Luke Matthews, Warriors Receivers Coach, posed the question whether the Warriors’ woes were due to execution or scheme to start off today’s lunch presentation. After playing five games one would guess the problem must be rooted in the schemes and while there may be some of that, Matthews said the Warriors are playing 10-man football…..that’s when one player is not on the same page or misses an assignment and the whole play blows up. Would one player have that much of an impact when there are 10 others to cover for him? Apparently so….as we saw in today’s film clips.
Matthews showed several offensive plays that did not gain much, if any at all. The scheme was good but BSU’s corners were very aggressive so when we ran a hitch and go, too quick a release resulted in an overthrow. And BSU likes to pressure up the middle so we planned outside zone runs, but a missed block, and well, you know what resulted.
Coach Matthews pointed out what the play was designed to do and how a single error negatively impacted the play causing even more anguish when you realize what could have been. Yes, this really is a team sport…an 11-man team sport.
Of course, it did not help that we played the #7 (BSU), #11 (Wisconsin), and #14 (OSU) ranked defenses in the country! And 46 penalties in five games resulting in the loss of a lot of yards that we cannot afford to give up!
Matthews believes he can improve as a coach by being more demanding, especially of the backups; they don’t get as many reps, but must still catch the ball. Little things are being drilled into all the players constantly like not diving for balls because that slows your feet…need to catch it on the run! And receive the ball with your hands, not your chest.
When asked about the dropped balls, Matthews feels the players need more confidence catching the ball in traffic and catching contested balls more consistently. In the passing game, the whole team has to execute as a unit; it’s not just the receiver and quarterback who have to be on the same page.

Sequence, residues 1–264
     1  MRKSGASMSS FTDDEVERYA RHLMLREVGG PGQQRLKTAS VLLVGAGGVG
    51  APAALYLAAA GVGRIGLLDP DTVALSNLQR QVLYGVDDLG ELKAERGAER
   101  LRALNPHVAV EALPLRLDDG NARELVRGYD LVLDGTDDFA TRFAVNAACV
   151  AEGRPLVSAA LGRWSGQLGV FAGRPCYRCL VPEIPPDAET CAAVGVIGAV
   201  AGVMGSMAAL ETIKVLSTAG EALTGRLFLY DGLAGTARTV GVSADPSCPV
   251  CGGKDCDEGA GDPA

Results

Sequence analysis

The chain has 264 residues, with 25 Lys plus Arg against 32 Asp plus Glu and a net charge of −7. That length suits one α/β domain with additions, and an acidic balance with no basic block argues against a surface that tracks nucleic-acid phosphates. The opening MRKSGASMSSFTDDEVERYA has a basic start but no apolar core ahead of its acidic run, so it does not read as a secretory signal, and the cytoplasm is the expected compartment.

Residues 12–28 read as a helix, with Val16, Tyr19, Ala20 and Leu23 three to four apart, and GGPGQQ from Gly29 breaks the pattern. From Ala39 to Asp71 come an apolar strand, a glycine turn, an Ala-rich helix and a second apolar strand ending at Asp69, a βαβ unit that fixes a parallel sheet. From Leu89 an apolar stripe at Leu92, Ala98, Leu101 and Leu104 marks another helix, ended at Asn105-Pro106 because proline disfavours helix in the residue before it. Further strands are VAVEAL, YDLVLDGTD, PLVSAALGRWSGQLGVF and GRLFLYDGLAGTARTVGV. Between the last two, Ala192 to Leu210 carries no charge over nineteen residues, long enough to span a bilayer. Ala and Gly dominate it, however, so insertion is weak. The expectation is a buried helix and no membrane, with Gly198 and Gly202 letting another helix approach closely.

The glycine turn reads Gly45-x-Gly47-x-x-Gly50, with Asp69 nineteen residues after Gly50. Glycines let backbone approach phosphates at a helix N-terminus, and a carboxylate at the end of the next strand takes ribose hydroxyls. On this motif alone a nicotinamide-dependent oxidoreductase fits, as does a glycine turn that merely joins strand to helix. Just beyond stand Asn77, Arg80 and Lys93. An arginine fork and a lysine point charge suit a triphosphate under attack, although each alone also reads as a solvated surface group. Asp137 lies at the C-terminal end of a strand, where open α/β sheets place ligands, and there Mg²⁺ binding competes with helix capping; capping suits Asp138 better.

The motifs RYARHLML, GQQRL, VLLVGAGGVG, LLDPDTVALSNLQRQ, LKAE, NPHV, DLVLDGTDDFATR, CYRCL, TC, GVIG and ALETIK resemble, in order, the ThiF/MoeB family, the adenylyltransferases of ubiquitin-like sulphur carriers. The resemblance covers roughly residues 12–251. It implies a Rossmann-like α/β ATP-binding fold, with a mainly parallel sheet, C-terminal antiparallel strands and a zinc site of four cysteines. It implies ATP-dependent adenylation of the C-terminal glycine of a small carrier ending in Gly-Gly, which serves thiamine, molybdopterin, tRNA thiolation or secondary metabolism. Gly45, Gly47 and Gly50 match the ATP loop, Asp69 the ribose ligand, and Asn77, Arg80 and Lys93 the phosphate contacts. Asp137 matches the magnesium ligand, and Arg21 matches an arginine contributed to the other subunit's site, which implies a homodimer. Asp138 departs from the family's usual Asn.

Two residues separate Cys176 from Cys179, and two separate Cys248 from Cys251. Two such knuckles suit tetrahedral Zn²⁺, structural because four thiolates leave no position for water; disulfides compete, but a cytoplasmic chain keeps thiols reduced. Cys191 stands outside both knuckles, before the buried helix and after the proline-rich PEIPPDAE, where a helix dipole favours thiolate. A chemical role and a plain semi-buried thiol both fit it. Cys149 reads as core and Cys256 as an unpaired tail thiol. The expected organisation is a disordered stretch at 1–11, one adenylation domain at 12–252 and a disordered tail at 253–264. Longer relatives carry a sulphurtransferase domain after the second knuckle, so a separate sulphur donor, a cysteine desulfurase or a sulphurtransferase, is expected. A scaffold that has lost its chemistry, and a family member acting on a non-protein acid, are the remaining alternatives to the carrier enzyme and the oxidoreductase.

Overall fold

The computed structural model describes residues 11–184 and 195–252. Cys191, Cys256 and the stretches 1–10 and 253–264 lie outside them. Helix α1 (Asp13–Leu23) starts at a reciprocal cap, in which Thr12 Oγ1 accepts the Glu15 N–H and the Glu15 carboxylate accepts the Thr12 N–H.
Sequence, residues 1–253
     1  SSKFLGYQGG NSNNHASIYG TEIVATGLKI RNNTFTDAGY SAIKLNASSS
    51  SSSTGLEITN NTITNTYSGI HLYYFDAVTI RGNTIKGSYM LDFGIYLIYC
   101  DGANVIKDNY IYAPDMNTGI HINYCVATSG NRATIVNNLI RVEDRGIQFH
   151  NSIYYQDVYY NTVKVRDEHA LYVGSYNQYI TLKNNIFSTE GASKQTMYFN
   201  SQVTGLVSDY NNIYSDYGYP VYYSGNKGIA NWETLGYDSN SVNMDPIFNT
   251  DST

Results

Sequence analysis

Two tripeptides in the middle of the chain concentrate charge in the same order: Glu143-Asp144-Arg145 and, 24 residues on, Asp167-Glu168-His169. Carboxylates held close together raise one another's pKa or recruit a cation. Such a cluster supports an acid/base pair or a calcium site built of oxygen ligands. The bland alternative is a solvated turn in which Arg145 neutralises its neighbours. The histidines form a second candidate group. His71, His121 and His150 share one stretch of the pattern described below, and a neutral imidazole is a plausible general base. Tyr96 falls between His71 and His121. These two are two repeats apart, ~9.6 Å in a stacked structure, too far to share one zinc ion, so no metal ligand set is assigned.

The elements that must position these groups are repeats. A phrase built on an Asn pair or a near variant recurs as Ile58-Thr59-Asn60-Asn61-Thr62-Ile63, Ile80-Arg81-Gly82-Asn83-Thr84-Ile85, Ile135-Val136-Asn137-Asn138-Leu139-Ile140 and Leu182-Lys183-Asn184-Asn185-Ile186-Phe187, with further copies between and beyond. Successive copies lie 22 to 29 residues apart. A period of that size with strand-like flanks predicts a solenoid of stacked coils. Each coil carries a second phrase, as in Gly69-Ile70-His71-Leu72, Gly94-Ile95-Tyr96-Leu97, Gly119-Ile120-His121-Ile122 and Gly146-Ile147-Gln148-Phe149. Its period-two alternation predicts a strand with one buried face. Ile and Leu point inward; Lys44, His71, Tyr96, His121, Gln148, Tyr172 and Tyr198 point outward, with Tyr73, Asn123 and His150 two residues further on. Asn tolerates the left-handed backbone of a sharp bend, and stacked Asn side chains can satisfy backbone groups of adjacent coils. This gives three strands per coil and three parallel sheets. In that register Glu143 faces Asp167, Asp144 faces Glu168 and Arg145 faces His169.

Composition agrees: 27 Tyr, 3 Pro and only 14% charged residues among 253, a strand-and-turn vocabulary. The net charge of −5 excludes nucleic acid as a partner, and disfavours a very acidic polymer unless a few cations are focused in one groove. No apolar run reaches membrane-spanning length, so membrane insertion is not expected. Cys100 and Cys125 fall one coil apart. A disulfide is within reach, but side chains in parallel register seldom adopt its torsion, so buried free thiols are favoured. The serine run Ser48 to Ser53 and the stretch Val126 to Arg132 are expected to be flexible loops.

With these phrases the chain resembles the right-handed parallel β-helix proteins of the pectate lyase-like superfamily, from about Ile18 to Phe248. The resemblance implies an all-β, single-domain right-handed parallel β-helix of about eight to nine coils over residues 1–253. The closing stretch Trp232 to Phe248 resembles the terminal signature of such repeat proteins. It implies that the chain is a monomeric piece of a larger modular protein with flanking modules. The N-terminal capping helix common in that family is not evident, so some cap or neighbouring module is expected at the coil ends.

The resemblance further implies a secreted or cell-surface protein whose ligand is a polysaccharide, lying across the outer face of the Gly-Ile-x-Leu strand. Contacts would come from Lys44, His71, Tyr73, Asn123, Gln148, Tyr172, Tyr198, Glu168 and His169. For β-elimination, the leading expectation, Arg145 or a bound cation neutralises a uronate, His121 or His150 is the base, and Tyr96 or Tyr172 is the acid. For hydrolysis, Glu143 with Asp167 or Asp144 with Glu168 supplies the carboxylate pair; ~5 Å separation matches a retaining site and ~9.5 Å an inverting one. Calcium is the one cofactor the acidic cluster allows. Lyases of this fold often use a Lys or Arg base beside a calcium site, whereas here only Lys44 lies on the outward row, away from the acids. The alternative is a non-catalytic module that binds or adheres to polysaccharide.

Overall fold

In case you’re wondering, the receivers perform well in practice but we know it’s game day that matters.
On the passing schemes, we use different formations but route combinations are similar throughout the country. On blitzes, the receivers do not break off their routes; they are running drag and underneath routes and the QB must find them. Tight ends are aligned wide to draw linebackers away from the middle giving us the chance to run the ball easier.
Matthews sees recruiting two to three receivers for next season as Quinton Pedroza and Ryan Pasoquin complete their eligibility so will need to be replaced.
San Diego State is the next opponent and Matthews expects them to be very disciplined. The Aztecs run a 3-3-5 with defensive backs filling linebacker spots and will throw you off with an unconventional look then pop into place at the snap.
To sum it up, Coach Matthews said, “There are still eight games to make a season of this.” He thanked the fans at today’s lunch for showing up and continuing to support the team.